The Golden Ratio

Also known as the “Divine Quotient”, the Golden Ratio was given an almost magical meaning during the renaissance, but it’s actually much older than that. Leonardo DaVinci used it. Euclid used it. It was supposedly discovered by Pythagoras. So, what is it? It’s very simple. Take a length and divide it into two parts: a and b:

When the ratio between a and b is equal to the ratio between a+b and a, then you have the Golden Ratio. The value of the Golden Ratio is:

Why is it so special? Because if you know about it, it can be seen in many different places; in geometrical figures, in architecture, in paintings, and in nature. I’ll show you. Draw a pentagon:


Draw straight lines between all vertices of the pentagon. This will result in a pentagram (five-pointed star). Now mark the lengths a and b as this picture shows:

Pentagram inside pentagon

Guess what the ratio is between the lengths a and b? The Golden Ratio. Now, mark two other lengths a' and b':

Pentagram inside pentagon with other lengths

You guessed it. The ratio between a' and b' is the Golden Ratio.

It’s actually pretty easy to approximate Phi (φ), as the Golden Ratio normally is called. Take any two numbers and add them, then divide the sum with the larger number. For example, 11 and 74:

Now we add the larger of the numbers (74) to the sum (85), and then we again divide the new sum (159) with the the previous sum (85):

We’re getting there. One more time:

No, this is too tedious. Let’s write a program that does it. For no reason whatsoever, I’ll pick Scala. What is Scala? I’m on a Mac, so I’ll just do:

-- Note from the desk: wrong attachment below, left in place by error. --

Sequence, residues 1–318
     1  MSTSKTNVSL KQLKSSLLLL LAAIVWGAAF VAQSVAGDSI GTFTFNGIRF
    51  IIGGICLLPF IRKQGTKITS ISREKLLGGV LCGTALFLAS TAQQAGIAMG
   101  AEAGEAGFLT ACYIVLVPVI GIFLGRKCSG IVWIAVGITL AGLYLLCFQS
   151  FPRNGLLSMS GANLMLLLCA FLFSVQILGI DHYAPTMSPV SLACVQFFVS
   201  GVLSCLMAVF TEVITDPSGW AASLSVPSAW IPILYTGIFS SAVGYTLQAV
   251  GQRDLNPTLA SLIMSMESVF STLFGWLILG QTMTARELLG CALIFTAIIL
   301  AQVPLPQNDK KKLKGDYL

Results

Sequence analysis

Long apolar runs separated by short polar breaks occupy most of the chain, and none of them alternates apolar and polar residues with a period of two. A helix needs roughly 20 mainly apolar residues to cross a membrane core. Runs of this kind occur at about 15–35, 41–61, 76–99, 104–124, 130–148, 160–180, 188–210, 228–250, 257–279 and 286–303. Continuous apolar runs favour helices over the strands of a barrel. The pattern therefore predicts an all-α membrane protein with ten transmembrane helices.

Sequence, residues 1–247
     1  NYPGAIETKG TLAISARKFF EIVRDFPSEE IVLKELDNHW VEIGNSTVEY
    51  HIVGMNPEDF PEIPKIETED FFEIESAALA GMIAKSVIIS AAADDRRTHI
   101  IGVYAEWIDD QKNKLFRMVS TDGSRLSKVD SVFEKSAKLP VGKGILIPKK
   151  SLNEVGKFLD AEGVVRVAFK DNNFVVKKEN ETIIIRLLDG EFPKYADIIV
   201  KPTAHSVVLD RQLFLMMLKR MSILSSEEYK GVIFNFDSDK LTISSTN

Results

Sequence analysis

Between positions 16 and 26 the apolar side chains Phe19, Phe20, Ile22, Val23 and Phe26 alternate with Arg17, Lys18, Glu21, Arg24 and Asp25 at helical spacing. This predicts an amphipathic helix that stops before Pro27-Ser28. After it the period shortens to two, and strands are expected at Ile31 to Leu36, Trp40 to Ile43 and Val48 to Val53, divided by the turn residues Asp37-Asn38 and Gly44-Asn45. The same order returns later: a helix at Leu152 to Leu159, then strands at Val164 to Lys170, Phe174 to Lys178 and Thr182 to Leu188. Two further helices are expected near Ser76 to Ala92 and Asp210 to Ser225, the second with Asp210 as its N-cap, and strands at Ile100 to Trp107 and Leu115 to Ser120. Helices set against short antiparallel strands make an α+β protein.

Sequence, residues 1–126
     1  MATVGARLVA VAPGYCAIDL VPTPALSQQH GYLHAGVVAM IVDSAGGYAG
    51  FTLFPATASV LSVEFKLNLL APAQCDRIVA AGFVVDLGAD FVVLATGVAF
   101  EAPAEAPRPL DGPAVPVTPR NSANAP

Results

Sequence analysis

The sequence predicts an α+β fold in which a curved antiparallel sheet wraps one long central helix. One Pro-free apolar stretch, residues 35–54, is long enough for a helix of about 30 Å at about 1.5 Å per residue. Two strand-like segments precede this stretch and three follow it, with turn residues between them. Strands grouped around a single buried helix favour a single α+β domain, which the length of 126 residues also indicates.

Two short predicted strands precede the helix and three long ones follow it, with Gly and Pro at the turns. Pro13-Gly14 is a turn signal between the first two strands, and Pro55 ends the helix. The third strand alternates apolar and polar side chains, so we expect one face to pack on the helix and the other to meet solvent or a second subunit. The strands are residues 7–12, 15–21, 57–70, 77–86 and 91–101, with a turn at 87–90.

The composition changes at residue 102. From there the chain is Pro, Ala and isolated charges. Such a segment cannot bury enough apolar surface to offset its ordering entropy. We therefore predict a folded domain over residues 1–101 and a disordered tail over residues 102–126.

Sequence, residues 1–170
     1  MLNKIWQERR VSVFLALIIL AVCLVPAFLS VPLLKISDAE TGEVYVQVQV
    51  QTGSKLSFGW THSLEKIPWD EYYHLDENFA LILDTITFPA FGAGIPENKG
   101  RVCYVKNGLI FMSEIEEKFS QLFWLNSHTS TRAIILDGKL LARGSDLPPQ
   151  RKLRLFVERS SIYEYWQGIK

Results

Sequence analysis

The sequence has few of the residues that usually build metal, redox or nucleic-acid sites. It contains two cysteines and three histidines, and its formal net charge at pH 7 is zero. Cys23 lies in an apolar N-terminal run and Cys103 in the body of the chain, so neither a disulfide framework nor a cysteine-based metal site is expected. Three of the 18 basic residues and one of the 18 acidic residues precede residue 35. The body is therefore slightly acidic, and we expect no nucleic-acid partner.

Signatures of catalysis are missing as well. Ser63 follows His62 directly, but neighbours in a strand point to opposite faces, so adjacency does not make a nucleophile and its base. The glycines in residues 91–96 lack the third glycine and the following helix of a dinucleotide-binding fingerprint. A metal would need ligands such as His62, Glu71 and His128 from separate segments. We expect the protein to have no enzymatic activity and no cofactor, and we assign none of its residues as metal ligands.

This is how I install Scala:

I’ll want some editor support, so I install the TextMate bundle that accompanies Scala:

I’ll tell TextMate to reload its bundles by selecting the menu “Bundles | Bundle Editor | Reload Bundles”. Now I’m all set.

Consider this Scala program (phi1.scala):

I’ll run it like this:

It’s not pretty, but it does the job. Let’s spice it up with some input arguments and better printout (phi2.scala):

I’ll run it with four arguments to test it:

I won’t bore you with more tests, but instead do what we intended to do from the start: have a program run the iterations for us. I’ll run it with no arguments, using the defaults:

Actually, I will run one more test, but this time I’ll choose the starting values more carefully. One of many wonderful properties of the Fibonacci series is that the ratio between the numbers is very close to the Golden Ratio. This means it will converge much quicker. Check this out, four correct decimals after just four iterations:

Here is the final version, with some stuff that makes the file executable (phi.scala):

I’ll make it executable and run it:

Check out Golden Ratio on Wikipedia for more details.

This Post Has One Comment

  1. I had expected some Scala wizards to criticize my feeble attempt at coding an algorithm in Scala, but it didn’t happen. So I’ll do it myself instead.

    What do I really want to do? If n is 1, the larger number should be divided by the smaller number. Otherwise, calculate the sum of the numbers and repeat on the larger number and the sum, for one less iteration.

    I’ll start the interactive Scala shell and type this in:

    scala> def phi(a:Double, b:Double, n:Int): Double = n match {
    | case 1 => (a max b)/(a min b)
    | case _ => phi((a max b), a+b, n-1)
    | }
    phi: (Double,Double,Int)Double

    Testing it, and what do you know? It works:

    scala> phi(5., 8., 20)
    res1: Double = 1.618033988957902

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